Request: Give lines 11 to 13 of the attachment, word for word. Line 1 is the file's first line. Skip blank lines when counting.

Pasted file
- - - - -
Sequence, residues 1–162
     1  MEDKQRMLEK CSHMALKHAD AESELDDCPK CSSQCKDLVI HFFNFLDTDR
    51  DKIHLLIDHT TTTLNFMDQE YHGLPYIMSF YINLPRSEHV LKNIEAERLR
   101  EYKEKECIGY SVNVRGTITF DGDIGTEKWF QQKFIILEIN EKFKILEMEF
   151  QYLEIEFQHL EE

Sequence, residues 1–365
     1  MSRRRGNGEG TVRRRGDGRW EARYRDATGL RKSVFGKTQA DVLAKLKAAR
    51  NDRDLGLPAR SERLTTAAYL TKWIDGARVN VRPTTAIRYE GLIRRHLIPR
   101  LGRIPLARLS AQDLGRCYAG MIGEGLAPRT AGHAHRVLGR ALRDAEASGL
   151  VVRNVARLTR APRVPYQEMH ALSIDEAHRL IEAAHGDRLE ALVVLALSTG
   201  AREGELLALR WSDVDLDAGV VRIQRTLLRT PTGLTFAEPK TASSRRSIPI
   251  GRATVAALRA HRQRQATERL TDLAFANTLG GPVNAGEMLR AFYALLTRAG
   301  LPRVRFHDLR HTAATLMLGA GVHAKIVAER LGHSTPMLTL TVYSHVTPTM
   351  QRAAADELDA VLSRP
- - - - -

   201  AREGELLALR WSDVDLDAGV VRIQRTLLRT PTGLTFAEPK TASSRRSIPI
   251  GRATVAALRA HRQRQATERL TDLAFANTLG GPVNAGEMLR AFYALLTRAG
   301  LPRVRFHDLR HTAATLMLGA GVHAKIVAER LGHSTPMLTL TVYSHVTPTM